Russia’s Crypto Laws Remain Ambiguous Ahead of Second Bill

October 12, 2020 | Blockchain Law Updates, Blockchain Law Updates - Featured

By: Josh Lawler
Contributors: Olga Gladkova and Dmitry Gladkov


Russian President Vladimir Putin signed a bill into law in late July that gives cryptocurrencies legal status, but prohibits them from being used as a payment method. It is the first major legislation for the digital currency industry in the transcontinental country.


It comes after the lower house of parliament, known as the State Duma, approved the bill––titled “On Digital Financial Assets, Digital Currency and on Amending Certain Laws of the Russian Federation” or DFA–– in a third reading after it was initially introduced in 2018.


The bill, which goes into effect on Jan. 1, 2021, defines digital assets as “digital rights comprising money claims, ability to exercise rights under negotiable securities, rights to participate in equity of a non-public stock company and right to claim transfer of negotiable securities set in a resolution on the DFA issue.”


Russian banks and exchanges can operate under the bill as digital financial asset exchanges once registered with the country’s central bank, the Bank of Russia. The operator and/or the nodes of a system are held responsible for maintaining the issuance of the digital data.


“[Digital currency] is recognized as an aggregate of electronic data capable of being accepted as the payment means, not being the monetary unit of the Russian Federation or a foreign state, and as investments,” states the bill, according to Russian news agency TASS described. “The digital currency cannot be used at the same time to pay for any goods and services.” Russia’s Ministry of Finance ultimately proposed an amendment to the DFA law to allow crypto transactions as part of inheritance, bankruptcy and enforcement proceedings.


The DFA bill, however, outlines only the foundation for Russia’s coming cryptocurrency legislation as a future bill––called “On Digital Currency”––will encompass further details on Russia’s overall cryptocurrency regulation. The Duma will likely pass the bill during the fall session which ends in late December.


The contents of the coming legislation remain unknown, although Anatoly Aksakov, the member of the State Duma who is behind Russia’s crypto legislation, reportedly noted that the new law would allow local firms to issue stablecoins, a type of cryptocurrency pegged to the price of a specific fiat currency.  Aksakov said Russia could launch stablecoins and exchange them for other assets.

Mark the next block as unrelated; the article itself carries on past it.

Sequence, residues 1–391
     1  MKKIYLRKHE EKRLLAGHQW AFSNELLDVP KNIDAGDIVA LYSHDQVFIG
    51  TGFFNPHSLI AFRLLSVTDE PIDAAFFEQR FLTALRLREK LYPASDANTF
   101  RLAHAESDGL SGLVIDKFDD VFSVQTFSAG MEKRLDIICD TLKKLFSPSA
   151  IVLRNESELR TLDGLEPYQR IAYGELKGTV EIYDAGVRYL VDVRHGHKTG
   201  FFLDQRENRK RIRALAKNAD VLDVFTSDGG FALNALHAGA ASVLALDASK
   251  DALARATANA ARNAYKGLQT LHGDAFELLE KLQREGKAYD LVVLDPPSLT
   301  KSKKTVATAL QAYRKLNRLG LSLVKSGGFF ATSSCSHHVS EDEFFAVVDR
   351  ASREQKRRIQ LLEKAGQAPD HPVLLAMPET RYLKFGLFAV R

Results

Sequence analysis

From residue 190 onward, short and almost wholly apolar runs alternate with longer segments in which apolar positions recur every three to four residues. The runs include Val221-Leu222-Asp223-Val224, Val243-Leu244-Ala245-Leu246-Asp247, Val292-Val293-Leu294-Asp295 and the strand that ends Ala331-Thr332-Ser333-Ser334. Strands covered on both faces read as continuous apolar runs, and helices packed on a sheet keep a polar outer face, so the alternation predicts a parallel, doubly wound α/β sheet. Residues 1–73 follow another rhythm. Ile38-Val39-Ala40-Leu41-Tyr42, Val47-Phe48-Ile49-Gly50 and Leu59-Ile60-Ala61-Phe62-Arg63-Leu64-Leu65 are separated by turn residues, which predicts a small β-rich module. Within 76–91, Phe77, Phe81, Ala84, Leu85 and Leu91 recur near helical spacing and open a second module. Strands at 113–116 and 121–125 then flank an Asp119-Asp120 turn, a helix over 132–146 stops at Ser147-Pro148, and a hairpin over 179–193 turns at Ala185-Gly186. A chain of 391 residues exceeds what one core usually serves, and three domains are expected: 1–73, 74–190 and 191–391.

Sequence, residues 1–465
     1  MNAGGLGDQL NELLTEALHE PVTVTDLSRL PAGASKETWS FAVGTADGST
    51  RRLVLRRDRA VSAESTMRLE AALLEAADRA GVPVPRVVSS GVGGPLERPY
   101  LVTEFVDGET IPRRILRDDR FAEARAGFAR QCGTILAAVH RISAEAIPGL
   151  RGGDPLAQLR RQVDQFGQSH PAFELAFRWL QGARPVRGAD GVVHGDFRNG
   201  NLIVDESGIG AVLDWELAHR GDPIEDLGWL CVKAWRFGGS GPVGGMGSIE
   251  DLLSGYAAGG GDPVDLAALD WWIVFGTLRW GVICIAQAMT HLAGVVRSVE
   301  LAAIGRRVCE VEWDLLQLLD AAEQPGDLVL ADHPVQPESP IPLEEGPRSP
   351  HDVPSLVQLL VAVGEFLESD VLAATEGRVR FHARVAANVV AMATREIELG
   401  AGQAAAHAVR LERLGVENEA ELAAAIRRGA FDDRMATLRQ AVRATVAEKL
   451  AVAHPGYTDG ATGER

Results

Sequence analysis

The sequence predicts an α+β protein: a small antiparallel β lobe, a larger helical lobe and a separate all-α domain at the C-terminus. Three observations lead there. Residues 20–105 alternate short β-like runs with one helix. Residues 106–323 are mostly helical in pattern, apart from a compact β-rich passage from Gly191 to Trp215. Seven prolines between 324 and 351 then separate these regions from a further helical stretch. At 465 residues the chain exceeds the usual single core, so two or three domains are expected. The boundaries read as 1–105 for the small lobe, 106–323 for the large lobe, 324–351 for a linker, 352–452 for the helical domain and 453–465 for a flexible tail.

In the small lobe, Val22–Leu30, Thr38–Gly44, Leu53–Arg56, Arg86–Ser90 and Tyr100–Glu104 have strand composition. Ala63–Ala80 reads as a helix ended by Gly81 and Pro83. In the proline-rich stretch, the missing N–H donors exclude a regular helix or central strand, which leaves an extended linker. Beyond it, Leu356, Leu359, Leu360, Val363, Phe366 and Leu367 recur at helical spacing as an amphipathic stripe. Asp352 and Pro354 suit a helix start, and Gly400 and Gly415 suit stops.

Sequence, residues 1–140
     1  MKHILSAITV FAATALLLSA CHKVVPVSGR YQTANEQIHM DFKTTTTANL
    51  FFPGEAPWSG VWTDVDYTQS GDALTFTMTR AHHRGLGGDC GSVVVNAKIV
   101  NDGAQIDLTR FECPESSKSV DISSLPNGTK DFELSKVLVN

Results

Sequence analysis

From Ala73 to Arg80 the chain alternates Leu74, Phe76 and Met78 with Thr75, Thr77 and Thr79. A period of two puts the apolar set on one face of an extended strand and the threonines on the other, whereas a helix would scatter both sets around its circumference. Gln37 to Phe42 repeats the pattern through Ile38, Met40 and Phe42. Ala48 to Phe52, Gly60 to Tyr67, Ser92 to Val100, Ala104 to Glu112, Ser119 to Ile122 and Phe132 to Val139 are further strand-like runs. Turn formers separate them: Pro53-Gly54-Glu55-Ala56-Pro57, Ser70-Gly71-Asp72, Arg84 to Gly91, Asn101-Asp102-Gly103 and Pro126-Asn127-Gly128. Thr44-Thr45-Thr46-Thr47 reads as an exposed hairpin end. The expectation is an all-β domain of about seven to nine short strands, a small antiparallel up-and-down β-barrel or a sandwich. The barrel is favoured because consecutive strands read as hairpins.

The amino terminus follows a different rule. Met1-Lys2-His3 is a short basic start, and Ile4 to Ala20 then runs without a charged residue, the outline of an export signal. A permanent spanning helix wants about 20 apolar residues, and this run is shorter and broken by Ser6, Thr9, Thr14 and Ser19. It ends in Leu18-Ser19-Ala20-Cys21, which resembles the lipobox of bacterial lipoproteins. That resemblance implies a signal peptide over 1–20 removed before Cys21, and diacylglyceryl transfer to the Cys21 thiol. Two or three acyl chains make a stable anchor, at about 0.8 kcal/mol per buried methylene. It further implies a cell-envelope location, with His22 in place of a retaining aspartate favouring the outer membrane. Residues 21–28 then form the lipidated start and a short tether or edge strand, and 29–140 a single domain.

Meanwhile, the DFA has appointed the Bank of Russia as the officially authorized regulatory body overseeing the issuance of digital currencies. It will have the authority to impose additional requirements on cryptocurrency issuers and exchanges. The Bank of Russia will also provide a framework on those types of digital currencies which qualified and unqualified investors may purchase.


In the initial version of the bill, any business issuing or trading crypto using Russia-based infrastructure would be illegal. The final bill is more velvet glove than iron fist, however, and labels crypto as a type of property.  Crypto-related lawsuits can only be brought before a court if plaintiffs have reported their crypto holdings and transactions to tax authorities. During the bill’s second reading earlier this year, legislators extracted crypto-related terms such as “token” and mining” from the text.


The primary part of the bill elucidates regulations for assets like digital shares of a company on distributed ledgers or “another kind of system,” which the bill states should be controlled by a central party and be amenable to regulations or court decisions.


According to a report in Cointelegraph, many businesses find the new regulations ambiguous. According to Anton Kozlov, head of Paxful’s Russian facing bitcoin trading services, the DFA has led to bewilderment among those in Russia’s cryptocurrency industry.


“Unfortunately, we could not say with certainty that the new law is clear to the industry,” Kozlov said, adding that the Russian crypto community doesn’t fully understand the impact of the new legislation.


Since Paxful does not offer payments as a service, Kozlov said the company does not expect its business to be affected by the new law. “Most of the people on the Paxful platform are exchanging cryptocurrency and looking for arbitrage opportunities in the market.”


Alexander Ivanov, founder and director of Waves Platform, agreed. “The law is hardly clear to the majority of players in the crypto and blockchain industry […] At this point, the law is having neither a negative nor a positive impact on the Russian crypto industry, mostly because there’s no explicit ban on crypto assets, which is the most important.”


Although the law prohibits cryptocurrency payments starting 2021, Binance still plans to launch its Binance Card in Russia. Gleb Kostarev, Binance’s head of operations for Russia, did not offer comments to Cointelegraph on the new legislation.


Russia’s cryptocurrency community awaits the forthcoming “On Digital Currency” law, which is expected to provide an actual regulatory framework for using crypto in Russia.


“On Digital Financial Assets” appears in Russian here.